"I'm going to speak with Eric [DeCosta] and see what he see with myself and the team," said safety Eric Weddle on his future with the Ravens. (Kevin Richardson / Baltimore Sun video)

After 12 years in the NFL, Eric Weddle has built up a certain amount of latitude when it comes to determining his future plans. And on Monday, the day after the Ravens’ season-ending 23-17 loss to the Los Angeles Chargers in an AFC wildcard playoff game at M&T Bank Stadium in Baltimore, the free safety said he desires to play for no other team than the Ravens, who could release him with only one year left on his contract.

“If they want to go in a different direction, I’m not going to go play for another team,” said Weddle, who turned 34 on Friday. “It’s not where I’m at in my career. It’s either play my last year here and that will be it and enjoy it, or this has been it. It’s pretty simple. I’m a simple kind of guy.”


The organization has not tipped its hand yet regarding Weddle, but he certainly acted like someone who can see the sun setting. He signed jerseys, helmets and other items for teammates and hugged them and a few members of the public relations staff.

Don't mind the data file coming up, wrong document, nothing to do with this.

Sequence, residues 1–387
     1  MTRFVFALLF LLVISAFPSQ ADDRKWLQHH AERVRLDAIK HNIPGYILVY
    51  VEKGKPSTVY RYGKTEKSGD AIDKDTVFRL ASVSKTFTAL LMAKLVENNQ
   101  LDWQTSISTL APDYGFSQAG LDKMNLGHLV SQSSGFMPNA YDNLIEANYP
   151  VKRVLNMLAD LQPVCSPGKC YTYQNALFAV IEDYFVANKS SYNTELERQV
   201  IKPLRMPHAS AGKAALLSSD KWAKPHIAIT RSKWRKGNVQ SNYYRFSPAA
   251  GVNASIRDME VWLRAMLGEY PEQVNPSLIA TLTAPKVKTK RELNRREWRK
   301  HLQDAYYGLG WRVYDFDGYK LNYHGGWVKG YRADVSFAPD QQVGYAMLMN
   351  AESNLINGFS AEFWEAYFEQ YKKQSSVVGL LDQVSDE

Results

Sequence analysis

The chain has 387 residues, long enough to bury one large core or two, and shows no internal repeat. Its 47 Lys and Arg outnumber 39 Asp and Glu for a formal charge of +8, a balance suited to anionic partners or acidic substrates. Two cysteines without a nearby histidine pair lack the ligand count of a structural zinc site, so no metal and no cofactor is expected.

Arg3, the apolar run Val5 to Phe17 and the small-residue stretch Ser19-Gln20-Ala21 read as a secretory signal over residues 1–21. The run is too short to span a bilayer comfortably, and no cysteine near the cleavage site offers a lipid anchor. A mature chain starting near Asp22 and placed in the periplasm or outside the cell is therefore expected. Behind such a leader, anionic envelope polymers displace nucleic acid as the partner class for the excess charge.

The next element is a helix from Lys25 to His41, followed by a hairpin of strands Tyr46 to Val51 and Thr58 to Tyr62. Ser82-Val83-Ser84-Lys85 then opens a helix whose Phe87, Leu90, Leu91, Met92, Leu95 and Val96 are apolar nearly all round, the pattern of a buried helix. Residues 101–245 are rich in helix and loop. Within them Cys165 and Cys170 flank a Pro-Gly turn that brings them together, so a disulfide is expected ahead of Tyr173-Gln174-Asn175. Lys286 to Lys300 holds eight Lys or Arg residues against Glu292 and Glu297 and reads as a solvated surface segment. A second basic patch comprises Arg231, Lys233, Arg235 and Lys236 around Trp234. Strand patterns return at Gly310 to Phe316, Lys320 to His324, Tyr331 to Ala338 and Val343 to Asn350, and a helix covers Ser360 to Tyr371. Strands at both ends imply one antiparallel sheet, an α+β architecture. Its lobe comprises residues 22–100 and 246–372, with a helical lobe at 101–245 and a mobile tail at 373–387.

Two weeks ago, an Annapolis native and Ravens fan promised him: "Eric I’ll buy you an ice cream truck if we win the division."

Weddle finished the regular season ranked third on the defense in total tackles (68) and second in solo stops (54) and added one sack and three pass breakups. But he failed to get an interception in 16 games — the first time that has happened in his career — and his three pass breakups were a career low.

Weddle, whose wife Chanel and four children returned to California after Sunday’s game, admitted that he still has to meet with soon-to-be general manager Eric DeCosta. But he remains adamant about his stance.

“If he wants me back, I’m here,” Weddle said. “If not, it’s all good. I understand it, and I’ll just ride off in the sunset. I’m good. I still have a desire to play, and I feel that I can still affect the game and dominate games. Either way, I’m good with whatever. Hopefully, I’m healthy and it won’t be as much of a hard transition in the offseason as it was last year. I’m excited for that, to be somewhat healthy that I won’t be in so much pain for months. It’s exciting. We’re going to know, and I’m sure everyone else will.”

From Lamar Jackson's difficult day to the indelible legacies of Joe Flacco and Ozzie Newsome, here are five things we learned from the Ravens' 23-17 playoff loss to the Los Angeles Chargers.

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